Through the theme weeks such as Carnival food, I learned that foods that are labeled as “unhealthy” don’t have to be unhealthy! During weeks like this, we would make things like corn dogs and pizza, but use whole grains and lean, white meats, and always include fruits and veggies. And you know what? They still tasted delicious! Honestly, I thought they tasted a lot better, and a lot less processed, than the things you would find at a real carnival! So if you’re in the mood for some comfort food or food that doesn’t have a great rep for being “healthy,” then try to make some swaps in the ingredients list. You might be surprised with how it turns out!
Reconnect with the Whole Process of Cooking
Something I really loved about camp was that we got to spend at least 2 hours in the garden every morning. We would do things like plant seeds, weed flower beds, pick herbs, and harvest all different types of fruits and vegetables. It really forced me to acknowledge all of the work that goes into cooking, before the food even reaches my kitchen. Each vegetable that I cook has spent weeks in a garden growing somewhere, and I had definitely lost touch with that. I took for granted having a wide array of produce constantly at my disposal. Now I have a deeper appreciation for the things I buy at the grocery store. And I have a heck of a lot more plants growing in my own apartment.
Another great thing we did at camp was composting. We really tried to show the kids that food can come full circle, from garden to kitchen and back to garden again. This inspired me to start composting in my own kitchen, and I can already see how much I’ve cut back on food waste!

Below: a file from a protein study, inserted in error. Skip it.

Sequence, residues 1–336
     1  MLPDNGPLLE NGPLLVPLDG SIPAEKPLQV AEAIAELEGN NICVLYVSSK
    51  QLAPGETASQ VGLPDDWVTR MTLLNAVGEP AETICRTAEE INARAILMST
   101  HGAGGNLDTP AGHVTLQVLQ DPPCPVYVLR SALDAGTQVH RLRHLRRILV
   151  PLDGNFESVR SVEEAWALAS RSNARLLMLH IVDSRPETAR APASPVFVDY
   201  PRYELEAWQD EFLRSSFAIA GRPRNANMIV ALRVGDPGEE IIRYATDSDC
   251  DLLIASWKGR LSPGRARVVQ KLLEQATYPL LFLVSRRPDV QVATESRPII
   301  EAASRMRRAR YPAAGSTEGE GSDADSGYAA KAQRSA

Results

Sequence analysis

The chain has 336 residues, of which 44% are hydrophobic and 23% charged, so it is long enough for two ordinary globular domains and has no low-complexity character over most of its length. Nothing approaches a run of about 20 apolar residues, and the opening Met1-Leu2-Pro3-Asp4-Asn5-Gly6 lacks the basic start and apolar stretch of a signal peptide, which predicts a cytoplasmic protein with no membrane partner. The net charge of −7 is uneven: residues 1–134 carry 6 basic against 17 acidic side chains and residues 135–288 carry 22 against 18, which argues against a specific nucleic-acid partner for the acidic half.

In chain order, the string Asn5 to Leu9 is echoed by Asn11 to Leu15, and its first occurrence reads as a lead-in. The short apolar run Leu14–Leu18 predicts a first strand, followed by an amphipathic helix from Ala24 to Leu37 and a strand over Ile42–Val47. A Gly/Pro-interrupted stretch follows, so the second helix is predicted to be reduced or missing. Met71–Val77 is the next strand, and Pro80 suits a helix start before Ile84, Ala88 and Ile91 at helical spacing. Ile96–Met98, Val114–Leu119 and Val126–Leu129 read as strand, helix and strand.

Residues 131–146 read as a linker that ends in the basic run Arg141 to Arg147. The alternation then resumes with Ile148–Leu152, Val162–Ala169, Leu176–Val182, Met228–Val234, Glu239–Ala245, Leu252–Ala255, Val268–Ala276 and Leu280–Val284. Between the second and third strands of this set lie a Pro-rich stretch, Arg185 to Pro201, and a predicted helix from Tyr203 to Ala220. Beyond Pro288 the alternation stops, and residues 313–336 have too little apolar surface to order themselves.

Cooking Doesn’t Have to Take All Day
Now this one definitely depends on what you’re cooking. (Emphasis on the “doesn’t have to take all day.”) But mainly what I wanted to express here is that you can easily cook up a beautiful meal in an hour or two. And if you try to enjoy the process, it won’t feel like a chore that you have to do when you get home from work. There are tons and tons of recipes online that are quick and easy to make. Stir-fry has been my go-to lately! It’s so easy and requires virtually no planning. Just throw everything you have in a wok, stir it a bit, and voila! You have yourself a beautiful meal!
Your Food Doesn’t Have to Be Picture Perfect
With all of the foodie social media accounts blowing up right now, it can be easy to harshly judge our own food. Don’t get me wrong, I love seeing everyone’s kitchen creations and it totally inspires me to cook up something great! But try not to get bogged down too much about the appearance of your food. What really matters in day-to-day life is: is it nutritious and does it taste good? If you’ve got both of those down, I’d say you’re doing something right!
After years of struggling to get myself back in the kitchen, I am finally cooking consistently again! I went into camp thinking I was going to teach others about cooking, and, lucky for me, actually ended up learning a lot myself! Hopefully, you’re able to learn from my experience too!